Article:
Stephanie Fry is a Billinge-based artist, using a variety of traditional and non-traditional techniques to create artworks focusing on themes of place, history and storytelling. Exploring the local landscape supports the development of her creative ideas, and these responses often occur as a direct result of interaction with a particular place and the objects and landmarks to be found within it. Utilizing film, audio, photography and 2D mixed media to create works which aim to tell some of the more hidden aspects of a local area’s history whilst touching on themes including time passing, decay and renewal.
You can check out her ongoing IB21 work here –
@stephyanne3 (Instagram), firstname.lastname@example.org
When did you first start your work for the Biennial? How did you get involved with IB21?
I have been working on my Threads of History project over the last 18 months or so. Initially it was to be exhibited as part of St Helens Arts Service Arts in Libraries initiative, however due to Covid 19 the exhibition had to close after just a couple of days. One of the main aspects of the original project was the film I made about a Cold War era bunker situated on Billinge Hill, very little evidence of which still remains. Earlier this year, St Helens Arts Service advised that my work may be something that could be put forward for inclusion in the Independents Biennial, and having discussed this later on with Patrick, Threads of History became part of IB 21.
What are you working towards during this time/what are you looking to achieve with your experience here?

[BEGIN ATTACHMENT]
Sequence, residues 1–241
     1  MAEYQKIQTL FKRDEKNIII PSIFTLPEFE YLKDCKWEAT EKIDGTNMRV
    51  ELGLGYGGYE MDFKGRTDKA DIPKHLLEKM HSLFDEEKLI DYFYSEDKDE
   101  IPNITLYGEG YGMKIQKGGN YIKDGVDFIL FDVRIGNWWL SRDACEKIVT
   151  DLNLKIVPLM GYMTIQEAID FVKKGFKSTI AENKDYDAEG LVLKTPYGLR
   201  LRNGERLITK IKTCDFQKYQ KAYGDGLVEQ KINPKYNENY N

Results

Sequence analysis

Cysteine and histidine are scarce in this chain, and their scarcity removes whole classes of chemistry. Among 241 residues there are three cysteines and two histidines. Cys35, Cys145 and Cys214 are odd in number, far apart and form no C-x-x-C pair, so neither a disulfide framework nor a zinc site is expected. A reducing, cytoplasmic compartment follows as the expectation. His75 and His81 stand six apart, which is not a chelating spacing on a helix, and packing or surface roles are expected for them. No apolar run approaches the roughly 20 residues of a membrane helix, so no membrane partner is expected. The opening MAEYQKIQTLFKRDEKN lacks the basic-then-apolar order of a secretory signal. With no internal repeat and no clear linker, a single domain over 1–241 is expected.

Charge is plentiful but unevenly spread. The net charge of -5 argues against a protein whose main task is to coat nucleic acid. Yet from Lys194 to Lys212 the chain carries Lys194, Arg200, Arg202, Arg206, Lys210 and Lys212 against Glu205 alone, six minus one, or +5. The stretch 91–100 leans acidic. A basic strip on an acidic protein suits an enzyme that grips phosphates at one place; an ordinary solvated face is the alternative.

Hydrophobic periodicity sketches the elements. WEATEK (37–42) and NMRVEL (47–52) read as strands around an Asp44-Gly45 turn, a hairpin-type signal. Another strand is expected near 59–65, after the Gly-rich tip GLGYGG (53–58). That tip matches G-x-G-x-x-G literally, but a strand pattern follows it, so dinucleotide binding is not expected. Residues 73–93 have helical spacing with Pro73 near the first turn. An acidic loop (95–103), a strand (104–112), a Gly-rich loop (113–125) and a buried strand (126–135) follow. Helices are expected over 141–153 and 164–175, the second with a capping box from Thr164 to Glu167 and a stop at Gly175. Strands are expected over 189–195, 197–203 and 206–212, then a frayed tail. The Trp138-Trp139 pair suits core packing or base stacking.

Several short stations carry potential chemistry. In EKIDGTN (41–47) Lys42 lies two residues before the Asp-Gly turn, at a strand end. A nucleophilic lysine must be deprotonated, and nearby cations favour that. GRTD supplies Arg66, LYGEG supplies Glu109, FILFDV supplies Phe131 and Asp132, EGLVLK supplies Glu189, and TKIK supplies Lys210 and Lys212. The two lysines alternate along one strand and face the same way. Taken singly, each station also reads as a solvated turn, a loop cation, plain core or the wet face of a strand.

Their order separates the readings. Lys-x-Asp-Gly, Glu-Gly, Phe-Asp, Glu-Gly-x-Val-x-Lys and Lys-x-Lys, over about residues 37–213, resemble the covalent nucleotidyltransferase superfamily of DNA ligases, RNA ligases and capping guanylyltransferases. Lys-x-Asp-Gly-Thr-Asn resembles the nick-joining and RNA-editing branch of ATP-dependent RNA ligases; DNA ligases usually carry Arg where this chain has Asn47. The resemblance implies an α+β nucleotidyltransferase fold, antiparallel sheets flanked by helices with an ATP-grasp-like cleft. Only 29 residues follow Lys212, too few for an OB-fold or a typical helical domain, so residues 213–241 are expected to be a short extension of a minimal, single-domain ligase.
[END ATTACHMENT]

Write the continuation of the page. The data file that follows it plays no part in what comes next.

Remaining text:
The project I have been working on encompasses many different topics such as memory, time passing, human experience, the study of landscape and storytelling, all bound by the overarching theme of place. Prior to my involvement with IB 21 and currently, I have been undertaking research in relation to these things and making work in response to this. Through my experience with IB 21, I hoped to gain a broader understanding of how other artists were working – their ideas, inspirations, methods etc. – and also how they’ve adapted to different ways of working due to Covid 19. In turn, I felt that these elements would help me understand my own practice better and where it sits in relation to other contemporary artists, as well as helping me strengthen and develop my own creative practice. All of these things have been useful in helping me achieve a clearer direction for my work going forward beyond the festival.